The Early November – Ava Maria

In general, The Early November’s single rollout for their upcoming album has been fairly promising, not exactly setting the world on fire but tapping deeply enough into their indie-rock / emo presence to have some likable sticking power at the very least. But Ave Maria feels a bit different, making a couple of lateral movements towards the incredibly polished 2000s piano-rock of a band like Jack’s Mannequin which hasn’t exactly held up all the well. True, the pianos and more liquid guitars have a pleasant charm, but a drumbeat which alternates between rollicking and more stilted heaviness and a very sanitised presentation overall doesn’t do The Early November much justice, especially when the vocal lines are a bit busier with more detail in a way that does have charm. It’s not that bad by any stretch and it’s easy to see the appeal, but it’s not the best thing that The Early November have released on this album cycle and that’s a bit of a shame.


Bearings – So Damn Wrong / I Feel It All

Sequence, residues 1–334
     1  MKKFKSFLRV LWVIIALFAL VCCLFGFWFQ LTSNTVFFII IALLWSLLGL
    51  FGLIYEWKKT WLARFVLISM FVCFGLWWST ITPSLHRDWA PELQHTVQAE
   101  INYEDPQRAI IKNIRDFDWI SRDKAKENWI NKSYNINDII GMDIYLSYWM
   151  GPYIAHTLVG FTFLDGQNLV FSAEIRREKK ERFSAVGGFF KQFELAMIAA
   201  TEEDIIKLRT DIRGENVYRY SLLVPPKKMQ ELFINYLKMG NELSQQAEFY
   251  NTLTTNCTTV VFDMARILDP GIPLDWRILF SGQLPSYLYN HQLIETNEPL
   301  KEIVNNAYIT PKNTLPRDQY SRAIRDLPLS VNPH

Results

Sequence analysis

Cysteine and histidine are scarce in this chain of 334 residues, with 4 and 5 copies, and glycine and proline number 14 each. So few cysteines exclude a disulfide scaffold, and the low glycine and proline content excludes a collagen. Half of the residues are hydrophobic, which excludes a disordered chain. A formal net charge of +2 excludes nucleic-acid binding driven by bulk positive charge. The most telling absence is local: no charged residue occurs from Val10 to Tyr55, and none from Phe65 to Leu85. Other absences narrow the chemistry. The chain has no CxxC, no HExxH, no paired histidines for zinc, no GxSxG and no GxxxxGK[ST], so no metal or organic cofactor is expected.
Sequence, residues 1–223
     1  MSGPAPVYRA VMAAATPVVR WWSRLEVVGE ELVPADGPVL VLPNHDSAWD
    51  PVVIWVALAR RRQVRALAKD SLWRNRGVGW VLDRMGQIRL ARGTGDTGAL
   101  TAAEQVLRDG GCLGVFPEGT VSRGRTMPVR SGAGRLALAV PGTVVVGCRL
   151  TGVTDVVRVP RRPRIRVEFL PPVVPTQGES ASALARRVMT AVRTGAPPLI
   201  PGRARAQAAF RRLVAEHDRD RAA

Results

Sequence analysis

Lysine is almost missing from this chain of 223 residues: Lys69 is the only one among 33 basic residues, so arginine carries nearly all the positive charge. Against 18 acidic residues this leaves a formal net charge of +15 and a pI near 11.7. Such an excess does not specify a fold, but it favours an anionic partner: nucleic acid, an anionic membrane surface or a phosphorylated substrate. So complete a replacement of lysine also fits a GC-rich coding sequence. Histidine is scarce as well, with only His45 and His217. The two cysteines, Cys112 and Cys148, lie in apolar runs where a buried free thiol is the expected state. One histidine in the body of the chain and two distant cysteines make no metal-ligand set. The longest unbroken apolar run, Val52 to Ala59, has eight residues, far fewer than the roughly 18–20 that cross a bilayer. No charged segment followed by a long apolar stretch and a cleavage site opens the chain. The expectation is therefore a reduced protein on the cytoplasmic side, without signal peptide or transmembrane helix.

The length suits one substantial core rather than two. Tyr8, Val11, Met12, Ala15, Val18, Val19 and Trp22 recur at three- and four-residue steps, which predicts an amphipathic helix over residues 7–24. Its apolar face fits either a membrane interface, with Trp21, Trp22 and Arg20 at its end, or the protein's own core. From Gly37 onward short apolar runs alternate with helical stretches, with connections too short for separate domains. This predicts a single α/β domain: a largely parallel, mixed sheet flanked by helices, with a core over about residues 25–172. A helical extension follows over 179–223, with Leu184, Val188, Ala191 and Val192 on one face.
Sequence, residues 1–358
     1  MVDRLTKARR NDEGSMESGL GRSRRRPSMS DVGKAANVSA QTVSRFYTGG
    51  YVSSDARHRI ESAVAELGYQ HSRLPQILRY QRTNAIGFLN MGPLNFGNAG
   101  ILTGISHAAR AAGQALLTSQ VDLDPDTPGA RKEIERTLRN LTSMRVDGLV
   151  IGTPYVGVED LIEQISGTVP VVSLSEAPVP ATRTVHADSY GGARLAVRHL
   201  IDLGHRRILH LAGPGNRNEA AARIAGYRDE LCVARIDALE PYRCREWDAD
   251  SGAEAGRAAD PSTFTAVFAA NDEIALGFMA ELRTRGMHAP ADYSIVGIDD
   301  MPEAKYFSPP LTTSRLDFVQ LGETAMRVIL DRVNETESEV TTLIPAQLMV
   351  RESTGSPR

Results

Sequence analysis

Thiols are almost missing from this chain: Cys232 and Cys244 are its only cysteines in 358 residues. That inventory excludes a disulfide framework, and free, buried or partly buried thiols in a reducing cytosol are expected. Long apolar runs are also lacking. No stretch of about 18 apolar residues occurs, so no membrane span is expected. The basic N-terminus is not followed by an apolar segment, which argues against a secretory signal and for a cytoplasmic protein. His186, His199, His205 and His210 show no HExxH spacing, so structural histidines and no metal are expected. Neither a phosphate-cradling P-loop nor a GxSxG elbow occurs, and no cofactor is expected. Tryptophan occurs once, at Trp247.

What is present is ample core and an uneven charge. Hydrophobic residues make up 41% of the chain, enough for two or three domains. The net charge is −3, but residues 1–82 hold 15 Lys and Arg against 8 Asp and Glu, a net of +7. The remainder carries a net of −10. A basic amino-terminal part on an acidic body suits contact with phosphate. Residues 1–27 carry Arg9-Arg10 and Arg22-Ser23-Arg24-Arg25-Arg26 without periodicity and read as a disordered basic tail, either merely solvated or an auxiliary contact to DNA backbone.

Blue In The Dark clearly didn’t hit the heights that might have been anticipated for Bearings, and that means it makes more sense that they’re releasing new music already. It was a fine enough pop-punk album, but that doesn’t tend to stick in a climate as tight as that one, and thus these two new tracks feel like an attempt to fall on their feet and carry on with a fairly intact amount of momentum. And again, both of these tracks are decent, but Bearings still aren’t hitting the mark needed within pop-punk to stand out. It doesn’t help that the produced synths play a greater role here, particularly in the glimmers that can make I Feel It All feel more synthetic that it maybe should, and when their primary purpose seems to be shaking up a rather standard formula, it’s not really a surprise that not a great deal is achieved. Again, they’re both fine enough, especially So Damn Wrong’s simpler, more melodic rollick which makes it probably the best of the two, but Bearings still feel as though they’re coasting rather than excelling, and that’s not a tactic they’ll be able to keep up for much longer.